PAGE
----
CVC has a new PhD on its record!
What is the thesis about?
The comprehension of animal behavior, especially human behavior, is one of the most ancient and studied problems since the beginning of civilization. The big list of factors that interact to determine a person action require the collaboration of different disciplines, such as psichology, biology, or sociology. In the last years the analysis of human behavior has received great attention also from the computer vision community, given the latest advances in the acquisition of human motion data from image sequences. Despite the increasing availability of that data, there still exists a gap towards obtaining a conceptual representation of the obtained observations. Human behavior analysis is based on a qualitative interpretation of the results, and therefore the assignment of concepts to quantitative data is linked to a certain ambiguity.
This thesis tackles the problem of obtaining a proper representation of human behavior in the contexts of computer vision and animation. On the one hand, a good behavior model should permit the recognition and explanation the observed activity in image sequences. On the other hand, such a model must allow the generation of new synthetic instances, which model the behavior of virtual agents.
First, we propose methods to automatically learn the models from observations. Given a set of quantitative results output by a vision system, a normal behavior model is learnt. This results provides a tool to determine the normality or abnormality of future observations. However, machine learning methods are unable to provide a richer description of the observations. We confront this problem by means of a new method that incorporates prior knowledge about the enviornment and about the expected behaviors. This framework, formed by the reasoning engine FMTL and the modeling tool SGT allows the generation of conceptual descriptions of activity in new image sequences. Finally, we demonstrate the suitability of the proposed framework to simulate behavior of virtual agents, which are introduced into real image sequences and interact with observed real agents, thereby easing the generation of augmented reality sequences.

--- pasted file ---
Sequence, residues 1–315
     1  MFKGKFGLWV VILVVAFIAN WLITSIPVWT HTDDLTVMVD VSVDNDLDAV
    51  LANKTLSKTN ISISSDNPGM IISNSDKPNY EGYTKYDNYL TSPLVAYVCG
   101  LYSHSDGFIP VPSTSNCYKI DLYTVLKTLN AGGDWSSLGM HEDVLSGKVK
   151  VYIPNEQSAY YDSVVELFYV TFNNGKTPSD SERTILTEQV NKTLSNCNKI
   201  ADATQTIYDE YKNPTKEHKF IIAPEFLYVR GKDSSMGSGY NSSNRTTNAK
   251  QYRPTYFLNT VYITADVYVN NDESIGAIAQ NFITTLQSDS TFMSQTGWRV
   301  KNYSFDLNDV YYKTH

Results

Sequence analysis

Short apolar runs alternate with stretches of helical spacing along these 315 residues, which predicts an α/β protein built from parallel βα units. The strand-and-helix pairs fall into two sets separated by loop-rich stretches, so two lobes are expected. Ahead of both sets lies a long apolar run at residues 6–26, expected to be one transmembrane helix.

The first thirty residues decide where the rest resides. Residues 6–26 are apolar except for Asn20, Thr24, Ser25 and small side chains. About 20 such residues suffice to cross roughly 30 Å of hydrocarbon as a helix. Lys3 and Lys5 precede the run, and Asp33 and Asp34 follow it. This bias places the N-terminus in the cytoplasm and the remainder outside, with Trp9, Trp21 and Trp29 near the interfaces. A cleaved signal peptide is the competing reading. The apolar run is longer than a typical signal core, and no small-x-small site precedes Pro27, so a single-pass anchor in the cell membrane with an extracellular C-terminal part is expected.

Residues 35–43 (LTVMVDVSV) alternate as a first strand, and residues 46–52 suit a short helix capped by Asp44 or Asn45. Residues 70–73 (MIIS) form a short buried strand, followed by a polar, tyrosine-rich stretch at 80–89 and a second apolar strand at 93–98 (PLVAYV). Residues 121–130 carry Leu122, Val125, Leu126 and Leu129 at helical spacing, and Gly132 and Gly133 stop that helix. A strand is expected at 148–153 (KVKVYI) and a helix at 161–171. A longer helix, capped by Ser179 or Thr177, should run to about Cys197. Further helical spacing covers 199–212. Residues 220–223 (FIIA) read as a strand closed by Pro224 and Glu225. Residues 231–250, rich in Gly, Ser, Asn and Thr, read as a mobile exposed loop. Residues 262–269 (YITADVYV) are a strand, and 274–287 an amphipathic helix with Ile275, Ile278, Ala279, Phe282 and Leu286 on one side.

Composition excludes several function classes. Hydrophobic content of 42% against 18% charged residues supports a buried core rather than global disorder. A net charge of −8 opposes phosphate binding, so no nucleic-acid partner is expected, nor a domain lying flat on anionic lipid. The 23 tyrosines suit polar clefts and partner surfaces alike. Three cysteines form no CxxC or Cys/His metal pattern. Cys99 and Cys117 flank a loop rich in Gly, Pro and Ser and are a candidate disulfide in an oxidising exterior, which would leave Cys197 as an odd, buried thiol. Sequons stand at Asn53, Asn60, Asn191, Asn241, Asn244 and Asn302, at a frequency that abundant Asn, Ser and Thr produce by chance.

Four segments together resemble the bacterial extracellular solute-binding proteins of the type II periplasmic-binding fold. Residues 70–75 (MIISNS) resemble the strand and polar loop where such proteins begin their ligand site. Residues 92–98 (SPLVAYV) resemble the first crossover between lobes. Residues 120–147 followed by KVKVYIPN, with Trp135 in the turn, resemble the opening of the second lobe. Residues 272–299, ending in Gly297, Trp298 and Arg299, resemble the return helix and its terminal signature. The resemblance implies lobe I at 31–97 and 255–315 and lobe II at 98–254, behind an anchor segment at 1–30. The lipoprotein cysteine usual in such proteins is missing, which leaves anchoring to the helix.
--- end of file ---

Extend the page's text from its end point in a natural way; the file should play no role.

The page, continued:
The set of approaches presented in this Thesis has a growing set of potential applications. The analysis and description of behavior in image sequences has its principal application in the domain of smart video--surveillance, in order to detect suspicious or dangerous behaviors. Other applications include automatic sport commentaries, elderly monitoring, road traffic analysis, and the development of semantic video search engines. Alternatively, behavioral virtual agents allow to simulate accurate real situations, such as fires or crowds. Moreover, the inclusion of virtual agents into real image sequences has been widely deployed in the games and cinema industries.